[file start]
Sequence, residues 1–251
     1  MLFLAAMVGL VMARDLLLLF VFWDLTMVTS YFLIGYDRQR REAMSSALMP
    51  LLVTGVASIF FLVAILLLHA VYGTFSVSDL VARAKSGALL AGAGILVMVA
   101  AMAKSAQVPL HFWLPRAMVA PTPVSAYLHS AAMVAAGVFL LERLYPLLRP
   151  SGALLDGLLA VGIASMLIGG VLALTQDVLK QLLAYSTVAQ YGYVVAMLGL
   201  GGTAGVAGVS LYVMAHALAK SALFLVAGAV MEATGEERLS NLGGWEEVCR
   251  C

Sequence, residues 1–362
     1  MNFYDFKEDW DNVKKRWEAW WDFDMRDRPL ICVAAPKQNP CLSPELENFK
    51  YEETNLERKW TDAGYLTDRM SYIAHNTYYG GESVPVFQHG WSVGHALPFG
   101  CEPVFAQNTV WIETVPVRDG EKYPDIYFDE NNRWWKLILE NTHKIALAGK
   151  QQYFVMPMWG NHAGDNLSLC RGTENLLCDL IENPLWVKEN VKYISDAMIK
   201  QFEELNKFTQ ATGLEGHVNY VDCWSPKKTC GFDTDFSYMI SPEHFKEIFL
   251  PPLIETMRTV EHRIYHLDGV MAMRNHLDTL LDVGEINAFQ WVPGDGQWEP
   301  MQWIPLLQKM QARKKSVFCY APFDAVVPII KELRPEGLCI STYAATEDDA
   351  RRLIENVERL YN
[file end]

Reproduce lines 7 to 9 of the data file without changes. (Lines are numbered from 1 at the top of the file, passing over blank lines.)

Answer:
   251  C

Sequence, residues 1–362
     1  MNFYDFKEDW DNVKKRWEAW WDFDMRDRPL ICVAAPKQNP CLSPELENFK